As soon as I see first fruit set I fertilize with a phosphorus focused fertilizer like bone meal(check price on Amazon). This will help the plant pump energy into making more flowers and fruits.


Eggplants can actully be harvested at anytime during it’s growth. The fruit does not need to ripen up. The only factor detering you from harvesting is size.

A small, baby eggplant will taste the same as a large fully mature eggplant.

Eggplant will grow to a set size depending on the variety that you are growing. You don’t want your eggplant to stay on your plant too long because if it does it will begin to taste bitter.

On average, from the time the fruit sets to the time it is fully mature, is usually about 30 days. You can tell that your eggplants are ready for harvesting by giving them a little squeeze.

If the fruits have some give to them and a firm press leaves an indentation than your eggplants are at the ideal condition for harvest.

Eggplant Pests In Florida

  • Aphids
  • Leafminers
  • Thrips
  • Whitefly

These are all common vegetable garden pests. They will feast on your eggplant as well as your peppers. Aphids are small greenish-yellow bugs that will cluster up under your leaves.

Leafminers burrow into the levaes if the plant to lay their eggs. They leave trails throughout the leaves.Thrips damage your plant’s leaves by laying their eggs on the underside. And White flies damage your plant by piercing your plant with their pointy mouth and spreading disease.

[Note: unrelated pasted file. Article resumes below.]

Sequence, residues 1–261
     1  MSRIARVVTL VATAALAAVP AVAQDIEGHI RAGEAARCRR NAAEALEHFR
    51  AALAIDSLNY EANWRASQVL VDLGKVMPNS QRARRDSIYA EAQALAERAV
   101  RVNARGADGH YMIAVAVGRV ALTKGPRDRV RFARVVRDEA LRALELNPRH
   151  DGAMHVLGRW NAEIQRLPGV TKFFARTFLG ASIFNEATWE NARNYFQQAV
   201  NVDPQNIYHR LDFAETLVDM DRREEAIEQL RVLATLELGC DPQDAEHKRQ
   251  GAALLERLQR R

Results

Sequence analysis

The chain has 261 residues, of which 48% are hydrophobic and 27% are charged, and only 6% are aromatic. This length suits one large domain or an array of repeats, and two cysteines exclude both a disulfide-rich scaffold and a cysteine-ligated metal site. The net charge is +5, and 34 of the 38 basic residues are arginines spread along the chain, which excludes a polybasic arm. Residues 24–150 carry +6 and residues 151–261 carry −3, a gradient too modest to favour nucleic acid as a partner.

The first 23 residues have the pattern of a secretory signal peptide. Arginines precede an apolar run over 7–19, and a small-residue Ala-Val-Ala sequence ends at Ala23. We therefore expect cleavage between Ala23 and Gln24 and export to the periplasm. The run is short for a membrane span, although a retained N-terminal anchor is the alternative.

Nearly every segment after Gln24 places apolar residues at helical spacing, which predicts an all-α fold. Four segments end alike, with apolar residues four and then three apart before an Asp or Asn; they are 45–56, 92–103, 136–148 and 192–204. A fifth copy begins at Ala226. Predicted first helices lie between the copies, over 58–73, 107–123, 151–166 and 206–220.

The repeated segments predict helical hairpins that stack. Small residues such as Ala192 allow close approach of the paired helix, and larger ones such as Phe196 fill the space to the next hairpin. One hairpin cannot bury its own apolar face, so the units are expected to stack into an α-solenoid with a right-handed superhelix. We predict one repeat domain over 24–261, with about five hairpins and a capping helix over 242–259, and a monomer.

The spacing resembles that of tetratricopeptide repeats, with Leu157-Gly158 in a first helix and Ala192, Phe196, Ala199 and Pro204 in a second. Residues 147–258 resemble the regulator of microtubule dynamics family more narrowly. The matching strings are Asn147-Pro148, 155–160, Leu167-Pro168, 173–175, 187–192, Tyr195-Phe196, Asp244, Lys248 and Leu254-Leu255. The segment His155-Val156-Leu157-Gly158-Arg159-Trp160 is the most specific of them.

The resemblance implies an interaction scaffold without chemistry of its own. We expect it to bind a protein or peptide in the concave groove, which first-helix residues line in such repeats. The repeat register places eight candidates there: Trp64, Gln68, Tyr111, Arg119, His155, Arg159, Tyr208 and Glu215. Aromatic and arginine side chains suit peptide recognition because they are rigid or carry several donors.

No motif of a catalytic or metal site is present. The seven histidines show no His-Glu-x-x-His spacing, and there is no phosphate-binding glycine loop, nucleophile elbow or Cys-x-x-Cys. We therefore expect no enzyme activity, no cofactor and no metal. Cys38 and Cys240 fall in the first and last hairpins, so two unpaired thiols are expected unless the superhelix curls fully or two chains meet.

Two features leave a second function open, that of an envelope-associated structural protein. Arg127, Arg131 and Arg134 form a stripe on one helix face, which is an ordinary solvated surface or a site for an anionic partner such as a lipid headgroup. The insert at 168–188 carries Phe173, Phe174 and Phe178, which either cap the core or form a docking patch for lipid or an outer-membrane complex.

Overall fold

Neem oil and insecticidal soaps are good organic chemical controls (Check pest management in gardening essentials) However the best pest management is having a biodiverse garden. Planting Florida friendly plants that bring beneficial insects is the best pest defense.

If you want more info on attracting beneficial bugs to your Florida garden check out this post.

Growing Eggplant In Florida

  • Plant when the weather begins to warm right around April.
  • Florida friendly varieties of eggplant are Astrakom, Bambino, Black Beauty, Casper, Dusky, Green Goddess, Ichiban, Long
  • Plant in at least 7-8 hours of sun
  • Drought tolerant but for happier plants water regularly
  • Give each plant at least a foot and a half of space
  • Plant in organic-rich well-drained soil.
  • Fertilize with a nitrogen focused fertilizer until fruit sets, at this point switch to phosphorus focused fertilizer
  • Eggplants are usually ready for harvest 30 days after fruit set.

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Unluckily for plants, I really enjoy growing them. I've grown a few plants over the years and I've killed some too, more than I would like to admit. I just want to share my experience and hope that it helps others.